Academic journal article Australian Literary Studies

Excavating a Bonanza: Sarah Campion

Academic journal article Australian Literary Studies

Excavating a Bonanza: Sarah Campion

Article excerpt

JEAN Devanny, in Queensland in 1943, enquired of Miles Franklin, 'Do you know how I could locate Sarah Campion? Do you know if she is up here?' (Ferrier 100). Devanny, unless she had noticed the enthusiastic reviews of the first two Burdekin novels, (1) had probably just lifted her head from reading some of the most compelling North Queensland bush writing she'd ever come across, but Franklin was unable to answer Devanny's query (Ferrier 101). A year later, Vance Palmer and John McKellar exchanged letters with Campion, but by the late 1990s Rachel Scott, editor of some of the journalism of this 'fascinating and forthright woman ... with a rare writing gift', asked again: 'Where was she now? Why had I not heard of her?' (Campion, I Live Here Now 9). There had been answers, tentative or wrong, but this essay aims to tell the story of Sarah Campion and her writing for the first time.

Campion was reviewed widely and admiringly in England in the 1930s and 40s, and in Australia in the 1940s and 90s. A few substantial critical essays, similarly enthusiastic, include H.M. Green's report on her and her writing in his History of Australian Literature Pure and Applied (1193-96), John MeKellar's essay 'Sarah Campion' published in Southerly in 1950, and more recently my own work including the Introduction to the Penguin edition of Mo Burdekin, 1990. Admiring but less extended comment can be found in essays by R. Store and John Heuzenroeder, both of which appeared in 1968. I interviewed Campion on several occasions in 1987 and 1988, and the material in this essay is drawn from those interviews and a wide range of published and unpublished sources. (2)

As Campion is one of the best writers of her period, it needs to be stressed from the outset that reviewers and critics of her work have written with surprised delight at the power of her fiction; a good number question the steady republication of novels less meritorious than Campion's, all of which remain out of print. (3) This essay is written with some urgency because Campion's history in Australia, so marked by acclaim and neglect, seems now likely to disappear. This neglect is demonstrated not only in the paucity of critical commentary, but also in recurring errors of fact about Campion's life and travels in Australia: dates, whereabouts, even names. (4) My essay aims to set a shaky biographical record as straight as possible, and to provide a biographical-critical survey of her novels. A key point is that without exception, Campion's books are alert to the lives of their women characters, and she is prepared to bring gender discrimination into clear-cut relationship with ethnic prejudices and racism.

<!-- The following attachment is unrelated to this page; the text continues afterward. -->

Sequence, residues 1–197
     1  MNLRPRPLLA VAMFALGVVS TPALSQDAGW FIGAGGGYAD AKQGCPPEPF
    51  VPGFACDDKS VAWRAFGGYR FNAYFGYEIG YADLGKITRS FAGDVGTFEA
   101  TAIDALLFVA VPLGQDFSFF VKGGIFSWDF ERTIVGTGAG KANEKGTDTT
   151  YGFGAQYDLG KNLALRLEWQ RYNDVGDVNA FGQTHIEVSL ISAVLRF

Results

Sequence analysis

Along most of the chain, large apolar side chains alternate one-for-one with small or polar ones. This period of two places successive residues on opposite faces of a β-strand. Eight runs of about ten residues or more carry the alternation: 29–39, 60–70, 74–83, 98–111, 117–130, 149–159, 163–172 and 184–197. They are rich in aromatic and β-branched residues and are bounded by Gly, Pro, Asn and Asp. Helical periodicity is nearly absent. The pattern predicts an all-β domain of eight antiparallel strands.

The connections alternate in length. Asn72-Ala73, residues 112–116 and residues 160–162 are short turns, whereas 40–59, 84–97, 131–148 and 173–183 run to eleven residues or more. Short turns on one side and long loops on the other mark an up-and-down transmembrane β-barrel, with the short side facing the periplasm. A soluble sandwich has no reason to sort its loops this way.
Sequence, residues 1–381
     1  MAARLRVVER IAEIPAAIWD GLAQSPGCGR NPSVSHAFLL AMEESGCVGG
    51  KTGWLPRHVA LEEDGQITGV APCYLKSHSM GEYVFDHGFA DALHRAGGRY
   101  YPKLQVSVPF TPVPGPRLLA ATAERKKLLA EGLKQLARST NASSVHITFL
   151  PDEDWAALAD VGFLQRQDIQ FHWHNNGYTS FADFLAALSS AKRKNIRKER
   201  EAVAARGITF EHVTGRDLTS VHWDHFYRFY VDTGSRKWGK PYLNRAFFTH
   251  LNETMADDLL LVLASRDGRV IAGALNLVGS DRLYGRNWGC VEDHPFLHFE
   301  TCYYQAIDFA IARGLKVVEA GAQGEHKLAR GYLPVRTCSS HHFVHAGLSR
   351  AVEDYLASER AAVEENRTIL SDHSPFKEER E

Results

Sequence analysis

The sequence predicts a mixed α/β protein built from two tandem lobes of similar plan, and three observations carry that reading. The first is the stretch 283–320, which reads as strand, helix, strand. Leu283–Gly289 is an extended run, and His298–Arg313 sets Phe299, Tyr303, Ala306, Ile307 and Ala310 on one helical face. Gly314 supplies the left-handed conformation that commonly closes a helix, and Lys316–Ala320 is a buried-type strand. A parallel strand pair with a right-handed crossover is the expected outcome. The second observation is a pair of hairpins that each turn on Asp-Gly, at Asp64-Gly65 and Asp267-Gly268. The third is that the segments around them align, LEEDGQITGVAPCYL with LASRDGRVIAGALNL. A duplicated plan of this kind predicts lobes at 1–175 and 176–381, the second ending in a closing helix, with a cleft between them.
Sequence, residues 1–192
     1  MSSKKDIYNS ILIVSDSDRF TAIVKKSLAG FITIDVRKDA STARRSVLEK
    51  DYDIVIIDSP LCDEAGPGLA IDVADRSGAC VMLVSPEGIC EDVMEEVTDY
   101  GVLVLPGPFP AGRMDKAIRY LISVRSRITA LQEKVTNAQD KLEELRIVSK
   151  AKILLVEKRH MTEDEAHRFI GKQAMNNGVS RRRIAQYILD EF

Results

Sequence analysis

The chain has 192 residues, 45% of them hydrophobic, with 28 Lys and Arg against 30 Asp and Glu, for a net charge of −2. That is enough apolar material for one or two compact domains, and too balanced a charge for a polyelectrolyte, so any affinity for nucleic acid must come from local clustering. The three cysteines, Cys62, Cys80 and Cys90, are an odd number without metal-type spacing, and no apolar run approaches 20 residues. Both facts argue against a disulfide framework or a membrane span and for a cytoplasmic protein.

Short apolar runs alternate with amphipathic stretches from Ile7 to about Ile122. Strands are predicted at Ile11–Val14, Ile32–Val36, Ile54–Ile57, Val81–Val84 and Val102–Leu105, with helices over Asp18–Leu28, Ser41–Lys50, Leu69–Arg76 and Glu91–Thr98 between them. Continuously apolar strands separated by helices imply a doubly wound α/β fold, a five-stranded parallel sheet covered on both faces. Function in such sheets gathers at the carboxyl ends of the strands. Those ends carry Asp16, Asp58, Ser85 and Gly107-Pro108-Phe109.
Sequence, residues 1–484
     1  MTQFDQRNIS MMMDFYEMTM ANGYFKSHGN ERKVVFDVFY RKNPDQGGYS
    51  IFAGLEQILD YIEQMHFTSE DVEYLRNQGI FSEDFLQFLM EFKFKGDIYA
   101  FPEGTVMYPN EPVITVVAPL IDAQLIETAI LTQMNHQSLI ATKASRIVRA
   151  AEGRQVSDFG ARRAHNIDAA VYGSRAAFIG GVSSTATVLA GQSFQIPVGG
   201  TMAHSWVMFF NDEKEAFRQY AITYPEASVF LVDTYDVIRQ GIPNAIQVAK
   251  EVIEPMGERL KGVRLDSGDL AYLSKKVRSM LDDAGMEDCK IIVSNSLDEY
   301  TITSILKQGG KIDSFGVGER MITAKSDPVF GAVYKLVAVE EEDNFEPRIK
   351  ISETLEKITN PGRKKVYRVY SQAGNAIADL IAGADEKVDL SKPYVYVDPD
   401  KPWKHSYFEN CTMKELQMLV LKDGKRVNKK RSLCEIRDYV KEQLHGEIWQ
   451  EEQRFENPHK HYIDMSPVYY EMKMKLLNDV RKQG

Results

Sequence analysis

English born and bred Sarah Campion became the author of five Australian novels, or six if the off-shore Turn Away No More (1940) is included. Never the Australian citizen she longed to become, she belongs far less securely to Australian literary history than these important novels should have ensured. Her published writing began with two articles in the Cambridge Review in 1931 and includes eleven novels and two books of non-fiction, all of which contain rich memories of her early childhood, both world wars, and much global travel. Her two non-fictional works are National Baby (1950), an amused account of producing a child in the care of England's just-born National Health scheme, and her tumultuous best-seller Father, Portrait of G.G. Coulton at Home (1948), a scathingly unfilial but deeply affectionate portrait which is also an invaluable resource on its author. In addition, Campion published many essays, sketches, journal articles, and two book-chapters from her very late age (1987 and 1989). Her career closed with an edited collection of her fifties New Zealand journalism in 2000, thereby spanning most of the twentieth century. Her Burdekin trilogy, her most significant work for Australian literary history, was published in the early 1940s by Peter Davies in England, where Campion was already an established author. …

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